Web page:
Amarbat said that equipment for Japan was to be given to the government to produce religious-based programming. TV-9 is the same station whose journalists were facing pressures from police officials to reveal their sources to a story on the Ulaanbaatar Times. Privatization of the local newspaper began when Enkhbayar was president, but the government turned against after he lost the 2009 election to current President Elbegdorj.

The international press organization Reporters Without Border reported that the newspaper’s former editor in Chief, Dulguur Chuluunbaatar, was arrested in March last year and was held for two months.

Officials said Enkhbayar will remain in prison for 12 days while interrogators question him on the charges.

Once again there was protest at Sukhbaatar square by former President Enkhbayar’s supporters on the day of his arrest. At the rally demonstrators gathered waving the flags of Enkhbayar’s political party, chanting, “Free him”!

Many offices located near Sukhbaatar, including Central Tower and the the Blue Sky Building, asked their workers to leave early on Friday.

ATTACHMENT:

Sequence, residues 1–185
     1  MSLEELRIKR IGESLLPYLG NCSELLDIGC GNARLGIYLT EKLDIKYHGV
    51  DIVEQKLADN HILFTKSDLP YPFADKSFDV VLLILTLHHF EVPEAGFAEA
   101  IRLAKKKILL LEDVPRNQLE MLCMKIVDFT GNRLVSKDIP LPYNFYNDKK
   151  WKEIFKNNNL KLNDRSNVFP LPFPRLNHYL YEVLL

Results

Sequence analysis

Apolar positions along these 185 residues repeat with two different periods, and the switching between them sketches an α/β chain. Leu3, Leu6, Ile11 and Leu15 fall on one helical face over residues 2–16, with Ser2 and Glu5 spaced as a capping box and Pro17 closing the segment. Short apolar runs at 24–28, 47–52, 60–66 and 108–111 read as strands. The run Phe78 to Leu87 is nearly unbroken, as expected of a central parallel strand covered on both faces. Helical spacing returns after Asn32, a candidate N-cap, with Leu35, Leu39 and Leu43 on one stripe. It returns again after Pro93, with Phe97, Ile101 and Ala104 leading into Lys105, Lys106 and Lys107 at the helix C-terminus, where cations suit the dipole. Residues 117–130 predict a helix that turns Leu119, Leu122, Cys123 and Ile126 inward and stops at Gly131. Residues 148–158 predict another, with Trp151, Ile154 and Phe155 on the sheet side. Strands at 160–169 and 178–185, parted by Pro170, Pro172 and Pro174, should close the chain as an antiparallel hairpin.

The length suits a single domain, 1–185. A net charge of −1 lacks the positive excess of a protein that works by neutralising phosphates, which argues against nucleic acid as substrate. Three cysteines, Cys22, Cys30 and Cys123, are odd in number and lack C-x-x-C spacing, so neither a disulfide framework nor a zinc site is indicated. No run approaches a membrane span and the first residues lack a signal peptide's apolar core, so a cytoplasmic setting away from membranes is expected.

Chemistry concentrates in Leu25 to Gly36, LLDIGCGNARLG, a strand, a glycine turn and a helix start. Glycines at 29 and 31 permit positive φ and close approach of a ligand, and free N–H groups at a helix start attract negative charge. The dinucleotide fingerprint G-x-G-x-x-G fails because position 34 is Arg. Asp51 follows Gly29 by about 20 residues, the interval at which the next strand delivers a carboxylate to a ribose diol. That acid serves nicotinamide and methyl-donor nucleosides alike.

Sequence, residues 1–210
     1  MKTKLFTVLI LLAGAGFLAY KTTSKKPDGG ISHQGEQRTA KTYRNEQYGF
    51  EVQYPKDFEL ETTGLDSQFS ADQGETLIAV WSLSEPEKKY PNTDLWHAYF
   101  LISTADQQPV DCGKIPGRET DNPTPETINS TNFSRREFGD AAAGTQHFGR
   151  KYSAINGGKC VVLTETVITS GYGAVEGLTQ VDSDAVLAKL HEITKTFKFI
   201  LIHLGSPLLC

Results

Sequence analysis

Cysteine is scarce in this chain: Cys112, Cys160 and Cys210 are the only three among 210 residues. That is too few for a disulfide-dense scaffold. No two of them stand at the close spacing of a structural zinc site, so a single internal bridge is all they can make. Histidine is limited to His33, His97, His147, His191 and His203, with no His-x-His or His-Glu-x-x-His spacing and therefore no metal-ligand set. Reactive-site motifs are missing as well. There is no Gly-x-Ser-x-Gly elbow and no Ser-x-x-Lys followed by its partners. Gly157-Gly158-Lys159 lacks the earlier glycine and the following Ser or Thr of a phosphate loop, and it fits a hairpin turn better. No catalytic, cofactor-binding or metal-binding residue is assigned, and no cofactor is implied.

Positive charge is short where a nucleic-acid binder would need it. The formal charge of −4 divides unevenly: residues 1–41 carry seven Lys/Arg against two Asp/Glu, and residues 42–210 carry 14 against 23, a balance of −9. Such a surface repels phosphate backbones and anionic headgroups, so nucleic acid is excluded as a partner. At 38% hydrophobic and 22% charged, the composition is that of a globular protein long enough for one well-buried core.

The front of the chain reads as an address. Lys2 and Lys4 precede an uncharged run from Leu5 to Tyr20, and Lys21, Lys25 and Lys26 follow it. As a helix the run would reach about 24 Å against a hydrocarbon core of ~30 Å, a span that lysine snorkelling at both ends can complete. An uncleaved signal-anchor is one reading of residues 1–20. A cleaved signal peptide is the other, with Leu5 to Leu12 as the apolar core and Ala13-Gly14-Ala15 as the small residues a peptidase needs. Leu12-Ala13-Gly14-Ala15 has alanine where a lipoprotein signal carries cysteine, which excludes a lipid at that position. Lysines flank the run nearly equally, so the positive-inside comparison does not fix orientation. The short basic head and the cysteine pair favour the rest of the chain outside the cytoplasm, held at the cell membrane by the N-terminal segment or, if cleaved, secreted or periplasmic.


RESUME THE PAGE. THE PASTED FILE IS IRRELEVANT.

One person in attendance, Ulzii Bud, was one of the original supporters of Mongolia’s 1991 protests, where citizens demanded a democratic government.

This year Mongolians will vote in parliamentary elections. Many voters have been swept up by populist sentiments, opposing foreign ownership of Mongolia’s land for mining.

“I’ll vote for whoever works to represent our rights and is honest—someone like Enkhbayar”, said Bud.

Nationalist undertones were also present, as much of Mongolia’s population fears foreign influences, especially from China. A recent proposal by Chinese aluminium producer Chalco to purchase up to a 60 percent interest in SouthGobi Resources, a coal miner with a project in Mongolia’s southern Gobi region, has many citizens upset.

“I’m here protesting for the independence of my country”, said Shinee Enkhtaiwan , a herder from Mongolia’s rural regions. “People are using my country and we’re running out of land because of the Chinese who come and take it away”.

“We’re running out of places to herd our animals to the miners”.

Political instability has many foreign investors wary about directing their money into Mongolian enterprises. Mongolian policy makers have been known to speak out and act against the interest of foreign companies to stir up populist support.